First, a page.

Cops search Willis's house and his silver minivan, a van matching the description of the one seen at the gas station the night Heeringa went missing. Restraints and syringes were discovered.

Detectives say Willis's van is a vehicle almost "customized" for a predator.

"Investigators recovered multiple syringes of liquid that appears to be a drug or a sedative of some kind, and we recovered handcuffs and a rope," said Muskegon County Prosecutor D.J. Hilson. "This was a vehicle designed not only to kidnap but also take sexual advantage of women."

Police also find wire restraints and a ball gag, and on his home computer, images of child porn, women in bondage, along with "kidnap and kill" videos.

"There's other videos found where at the end of them, they murder in a 'acting' way, and we also found videos that show this that are not acted," said Norton Shore Police Det. Sgt. Chris Prevette. "They were real life."

In the case of the abducted 16-year-old, Jeffrey Willis was charged with kidnapping and assault with a dangerous weapon.

The developments in that case started investigators in the direction of two other cases: Jessica Heeringa, and the cold-blooded murder of Rebekah Bletsch, 36. A year after Heeringa disappeared, Bletsch was fatally shot in the head while she was jogging on a road. Her murder also unsolved.

During the search of Willis's van detectives say they found a .22-caliber handgun, and ballistics matched the bullets recovered from Bletsch's body and shell casings found at the scene. At his home, they also found files on a hard drive labeled "vics." And two subfolders with the initials: "RSB" and "JLH," For Rebekah Sue Bletsch and Jessica Lynn Heeringa. In those folders were photos of both victims, along with news reports about their cases. They even found a password to several websites - "j4l27h13" - Jessica's initials and the date of the day after her disappearance.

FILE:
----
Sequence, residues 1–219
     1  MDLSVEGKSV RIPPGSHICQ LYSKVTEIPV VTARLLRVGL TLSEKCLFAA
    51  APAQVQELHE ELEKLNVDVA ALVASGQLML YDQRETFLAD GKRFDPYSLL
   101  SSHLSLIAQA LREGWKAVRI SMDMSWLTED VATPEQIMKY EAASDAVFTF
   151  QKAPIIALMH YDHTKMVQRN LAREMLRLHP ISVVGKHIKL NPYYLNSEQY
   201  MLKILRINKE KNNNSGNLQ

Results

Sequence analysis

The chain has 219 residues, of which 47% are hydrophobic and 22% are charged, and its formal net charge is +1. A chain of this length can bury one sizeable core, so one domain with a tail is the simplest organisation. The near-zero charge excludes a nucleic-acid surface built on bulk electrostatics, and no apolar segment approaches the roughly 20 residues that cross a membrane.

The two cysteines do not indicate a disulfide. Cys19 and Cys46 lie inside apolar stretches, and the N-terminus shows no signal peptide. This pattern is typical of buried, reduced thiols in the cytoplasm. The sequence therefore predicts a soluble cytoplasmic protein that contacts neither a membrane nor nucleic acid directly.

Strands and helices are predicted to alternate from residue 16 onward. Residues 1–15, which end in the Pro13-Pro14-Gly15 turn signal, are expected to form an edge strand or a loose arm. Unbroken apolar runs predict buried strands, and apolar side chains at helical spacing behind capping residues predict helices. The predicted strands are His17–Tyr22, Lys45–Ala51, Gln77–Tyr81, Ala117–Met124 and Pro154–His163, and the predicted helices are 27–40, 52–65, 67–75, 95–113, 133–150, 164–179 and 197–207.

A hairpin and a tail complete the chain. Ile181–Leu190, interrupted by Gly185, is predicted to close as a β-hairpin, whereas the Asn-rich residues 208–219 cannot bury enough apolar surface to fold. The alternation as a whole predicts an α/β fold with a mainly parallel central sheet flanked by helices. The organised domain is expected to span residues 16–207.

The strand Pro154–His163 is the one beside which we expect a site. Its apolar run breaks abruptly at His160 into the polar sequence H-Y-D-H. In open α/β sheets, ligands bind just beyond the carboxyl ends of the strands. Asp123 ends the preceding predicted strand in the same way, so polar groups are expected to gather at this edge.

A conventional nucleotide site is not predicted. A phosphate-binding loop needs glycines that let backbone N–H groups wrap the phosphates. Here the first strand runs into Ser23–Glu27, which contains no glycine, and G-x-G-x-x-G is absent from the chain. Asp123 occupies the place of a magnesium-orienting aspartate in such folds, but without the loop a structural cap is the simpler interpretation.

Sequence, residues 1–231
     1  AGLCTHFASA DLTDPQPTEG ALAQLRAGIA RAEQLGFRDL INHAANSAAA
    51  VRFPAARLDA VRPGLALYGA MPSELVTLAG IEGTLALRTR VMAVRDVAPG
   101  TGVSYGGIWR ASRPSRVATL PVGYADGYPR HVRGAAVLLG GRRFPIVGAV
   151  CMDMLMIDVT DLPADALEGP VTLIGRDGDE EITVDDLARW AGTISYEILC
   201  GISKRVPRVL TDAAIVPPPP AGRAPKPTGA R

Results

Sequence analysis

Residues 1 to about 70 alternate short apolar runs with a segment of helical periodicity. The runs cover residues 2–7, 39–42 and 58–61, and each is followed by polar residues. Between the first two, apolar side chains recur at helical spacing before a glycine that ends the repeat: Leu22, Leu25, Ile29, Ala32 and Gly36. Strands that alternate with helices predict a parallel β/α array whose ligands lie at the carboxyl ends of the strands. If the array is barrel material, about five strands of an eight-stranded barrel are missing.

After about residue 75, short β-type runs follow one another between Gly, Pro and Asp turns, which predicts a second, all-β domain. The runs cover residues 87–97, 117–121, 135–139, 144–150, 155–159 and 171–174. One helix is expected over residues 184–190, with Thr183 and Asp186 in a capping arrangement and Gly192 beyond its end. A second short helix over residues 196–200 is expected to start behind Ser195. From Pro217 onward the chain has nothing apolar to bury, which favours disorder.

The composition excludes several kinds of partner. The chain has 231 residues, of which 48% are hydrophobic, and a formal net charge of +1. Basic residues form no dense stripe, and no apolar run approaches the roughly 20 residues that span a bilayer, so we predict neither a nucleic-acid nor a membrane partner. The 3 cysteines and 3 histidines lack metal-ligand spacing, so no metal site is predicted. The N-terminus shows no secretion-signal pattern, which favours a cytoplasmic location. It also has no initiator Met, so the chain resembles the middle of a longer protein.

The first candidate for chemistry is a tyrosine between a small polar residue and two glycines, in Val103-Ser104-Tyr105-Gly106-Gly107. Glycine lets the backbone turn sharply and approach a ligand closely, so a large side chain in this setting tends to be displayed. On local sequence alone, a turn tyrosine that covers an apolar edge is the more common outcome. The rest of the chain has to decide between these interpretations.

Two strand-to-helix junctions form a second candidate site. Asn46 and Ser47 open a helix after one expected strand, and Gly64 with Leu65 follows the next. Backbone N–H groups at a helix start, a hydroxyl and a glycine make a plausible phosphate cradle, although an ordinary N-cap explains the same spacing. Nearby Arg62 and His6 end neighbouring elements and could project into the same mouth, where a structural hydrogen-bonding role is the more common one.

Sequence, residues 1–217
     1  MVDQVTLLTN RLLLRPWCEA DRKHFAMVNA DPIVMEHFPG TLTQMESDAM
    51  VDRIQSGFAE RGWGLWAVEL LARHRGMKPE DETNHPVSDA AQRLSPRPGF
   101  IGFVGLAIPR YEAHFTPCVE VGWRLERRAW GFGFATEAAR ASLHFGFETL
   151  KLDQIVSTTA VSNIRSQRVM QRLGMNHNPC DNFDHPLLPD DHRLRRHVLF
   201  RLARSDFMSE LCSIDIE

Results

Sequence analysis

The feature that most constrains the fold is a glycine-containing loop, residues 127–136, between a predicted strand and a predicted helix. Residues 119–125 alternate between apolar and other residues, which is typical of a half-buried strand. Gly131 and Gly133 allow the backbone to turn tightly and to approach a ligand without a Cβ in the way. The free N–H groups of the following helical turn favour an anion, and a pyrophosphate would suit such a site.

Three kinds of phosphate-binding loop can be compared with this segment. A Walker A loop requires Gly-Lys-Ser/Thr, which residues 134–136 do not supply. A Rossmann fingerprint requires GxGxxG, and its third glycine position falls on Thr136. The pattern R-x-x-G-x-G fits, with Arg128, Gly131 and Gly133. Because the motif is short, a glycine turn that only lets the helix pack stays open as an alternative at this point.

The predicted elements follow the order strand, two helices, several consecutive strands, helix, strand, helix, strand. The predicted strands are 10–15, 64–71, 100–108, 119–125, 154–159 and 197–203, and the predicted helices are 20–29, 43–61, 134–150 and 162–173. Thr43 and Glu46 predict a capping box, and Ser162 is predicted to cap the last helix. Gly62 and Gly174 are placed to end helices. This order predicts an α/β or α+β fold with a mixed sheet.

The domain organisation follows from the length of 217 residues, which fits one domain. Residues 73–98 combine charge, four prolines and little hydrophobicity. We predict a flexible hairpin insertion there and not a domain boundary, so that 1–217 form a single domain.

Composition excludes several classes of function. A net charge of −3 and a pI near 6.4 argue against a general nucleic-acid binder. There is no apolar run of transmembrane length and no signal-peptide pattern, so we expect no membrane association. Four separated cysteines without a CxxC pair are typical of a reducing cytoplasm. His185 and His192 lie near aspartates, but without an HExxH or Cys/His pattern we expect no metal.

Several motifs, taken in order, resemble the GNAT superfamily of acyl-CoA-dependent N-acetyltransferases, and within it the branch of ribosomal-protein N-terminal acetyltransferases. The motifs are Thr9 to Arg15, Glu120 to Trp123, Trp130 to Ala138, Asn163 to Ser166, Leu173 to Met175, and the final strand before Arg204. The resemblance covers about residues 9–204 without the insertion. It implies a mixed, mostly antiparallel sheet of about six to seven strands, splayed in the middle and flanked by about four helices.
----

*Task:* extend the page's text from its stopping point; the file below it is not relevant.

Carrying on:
Willis was charged with Rebekah Bletsch's murder and possession of child pornography.

Crime Watch Daily has learned Willis used to work as a janitor at an elementary school. The principal says Willis spent a little too much time in the school computer lab.

"We had a suspicious URL pop up on our computer of a pornographic nature," said Amy Upham. The principal says Willis was fired immediately.

Crime Watch Daily obtained his termination letter that reads in part "... His inappropriate use of a school computer caused a student to be exposed to a web site that should have been for adults only."

Despite evidence found in his car and home, prosecutors didn't charge him with Jessica Heeringa's disappearance.